I’m Your Man
Reviewed for Shockya.com by Abe Friedtanzer
Director: Maria Schrader
Writer: Maria Schrader, Jan Schomberg
Cast: Maren Eggert, Dan Stevens, Sandra Hüller, Hans Löw, Wolfgang Hübsch, Annika Meier, Falilou Seck, Jürgen Tarrach, Henriette Richter-Röhl, Monika Oschek
Screened at: Critics’ link, NY, 9/19/21
Opens: September 24th, 2021
Everyone has an idea of what a perfect man looks and sounds like, one that’s rarely mirrored in reality. Part of the reason for that is that minor flaws and personality traits are what make people interesting and appealing, and no one wants to feel inferior to another person who exhibits only ideal qualities. Yet in trying to create something lifelike, scientists and inventors often strive to emulate what could only exist thanks to advanced technology far beyond human capacity. I’m Your Man shows the difficulty of accepting manufactured perfection as possible when it feels all too carefully designed.
Alma (Maren Eggert) is a dedicated researcher in need of money for her latest study. To obtain funding, she agrees to do something that doesn’t appeal to her at all, to live with a robot, Tom (Dan Stevens), who has been programmed to be her ideal mate in all ways. Unconvinced, Alma pushes back at every turn to Tom’s overly choreographed attempts at pleasing her, but slowly begins to appreciate his efforts and to question her own established desires and biases.
This is an intriguing premise for many reasons. Alma may be the worst possible test subject because, as someone who designs and conducts studies for a living, she is all too aware of her place in someone else’s research. That prompts her to fight back even more, intent on proving that she cannot be so easily analyzed or predicted. She doesn’t want to believe that others can understand her better than herself, and that someone else could help her discover things she doesn’t know about her own personality and instincts. Because she thinks she knows best, she stands in the way of fellow scientists’ efforts to make their own advancements, though the stubbornness that defines her behavior is probably most helpful in the end since it pushes the limits of Tom’s programming.
This film is an entertaining mix of comedy and drama, since there is an inherent humor to how Alma and Tom interact. He delivers intellectual statements in a matter-of-fact way that drives her crazy, and she responds bitterly and sarcastically, determined not to buy into the knowledge he thinks he has to offer. Every time he says something that is meant either as a compliment or to please her, Alma becomes more irritated, and it’s fun to see how Tom responds, demonstrating that he is capable of acclimating to her reactions even though it’s his initial comments that are supposed to win her over. Watching and hearing their banter is undeniably enjoyable, and it’s also enlightening since it helps bring out the motivations and inner feelings of both characters.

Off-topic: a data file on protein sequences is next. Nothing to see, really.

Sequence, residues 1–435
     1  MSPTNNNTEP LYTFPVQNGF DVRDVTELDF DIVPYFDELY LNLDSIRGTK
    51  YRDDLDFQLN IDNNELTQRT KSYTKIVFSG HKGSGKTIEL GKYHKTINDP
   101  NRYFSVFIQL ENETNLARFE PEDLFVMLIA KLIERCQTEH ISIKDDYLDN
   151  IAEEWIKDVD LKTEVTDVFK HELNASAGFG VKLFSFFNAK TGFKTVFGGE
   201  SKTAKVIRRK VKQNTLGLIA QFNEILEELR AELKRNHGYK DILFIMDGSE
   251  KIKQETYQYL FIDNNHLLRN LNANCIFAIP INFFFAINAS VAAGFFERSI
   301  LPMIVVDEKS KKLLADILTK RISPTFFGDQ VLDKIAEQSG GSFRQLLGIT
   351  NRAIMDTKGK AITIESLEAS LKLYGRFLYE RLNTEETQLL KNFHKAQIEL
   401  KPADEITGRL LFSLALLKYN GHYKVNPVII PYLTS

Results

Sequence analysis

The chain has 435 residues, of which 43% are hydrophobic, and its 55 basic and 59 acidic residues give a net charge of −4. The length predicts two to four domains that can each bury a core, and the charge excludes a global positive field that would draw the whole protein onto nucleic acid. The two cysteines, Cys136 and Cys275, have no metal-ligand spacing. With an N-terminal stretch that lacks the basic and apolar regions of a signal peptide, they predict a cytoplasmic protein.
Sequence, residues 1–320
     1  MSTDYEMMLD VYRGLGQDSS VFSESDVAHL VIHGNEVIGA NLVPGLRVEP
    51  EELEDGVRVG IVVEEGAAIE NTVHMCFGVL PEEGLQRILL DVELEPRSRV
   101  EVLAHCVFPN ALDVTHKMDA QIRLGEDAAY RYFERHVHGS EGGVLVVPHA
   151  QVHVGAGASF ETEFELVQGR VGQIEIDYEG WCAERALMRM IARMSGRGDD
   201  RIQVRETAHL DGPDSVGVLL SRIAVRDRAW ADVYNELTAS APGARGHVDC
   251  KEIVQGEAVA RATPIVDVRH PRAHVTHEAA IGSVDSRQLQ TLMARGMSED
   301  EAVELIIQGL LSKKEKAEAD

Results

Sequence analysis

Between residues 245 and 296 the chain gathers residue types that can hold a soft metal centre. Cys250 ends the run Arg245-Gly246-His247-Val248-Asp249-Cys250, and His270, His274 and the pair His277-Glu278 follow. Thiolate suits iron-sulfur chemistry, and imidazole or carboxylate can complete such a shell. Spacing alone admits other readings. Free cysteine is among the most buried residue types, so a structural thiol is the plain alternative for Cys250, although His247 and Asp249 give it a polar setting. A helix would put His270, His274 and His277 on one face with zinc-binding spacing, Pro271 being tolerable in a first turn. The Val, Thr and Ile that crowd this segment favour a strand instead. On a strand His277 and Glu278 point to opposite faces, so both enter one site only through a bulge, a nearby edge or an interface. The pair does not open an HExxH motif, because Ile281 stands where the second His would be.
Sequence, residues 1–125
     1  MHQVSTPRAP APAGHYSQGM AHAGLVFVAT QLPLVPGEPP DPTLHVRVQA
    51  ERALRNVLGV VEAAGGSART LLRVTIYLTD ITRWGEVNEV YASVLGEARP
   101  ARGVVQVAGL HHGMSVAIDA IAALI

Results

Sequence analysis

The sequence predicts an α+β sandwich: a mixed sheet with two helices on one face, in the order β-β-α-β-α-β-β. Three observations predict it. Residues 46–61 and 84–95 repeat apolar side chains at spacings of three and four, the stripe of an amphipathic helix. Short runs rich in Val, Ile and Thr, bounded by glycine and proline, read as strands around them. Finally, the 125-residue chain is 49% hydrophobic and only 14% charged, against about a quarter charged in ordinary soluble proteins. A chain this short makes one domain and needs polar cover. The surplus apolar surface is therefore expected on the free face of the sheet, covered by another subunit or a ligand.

The concept of this film is appealing enough, but what really makes it work is the casting of its two stars. Eggert brings a fantastic bitterness and wit to Alma, one that makes her the ultimate challenge to authority who would detest someone with similar resolve who threatened to derail one of her studies. Stevens, an English actor known best for TV roles in Downton Abbey and Legion, impresses with a fluent command of the German language and the ability to imbue his character with distinctly recognizable traits that reveal him to be a truly remarkable scientific creation. The two onscreen are impossible not to find charming and endearing, and they help to elevate an already competent and intriguing film from Emmy-winning Unorthodox director Maria Schrader. Germany has already selected it as their official Oscar submission for Best International Feature, and it’s a solid choice that puts forward a clever idea brought to terrific cinematic life.
Story – B+
Acting – A-
Technical – B+
Overall – B+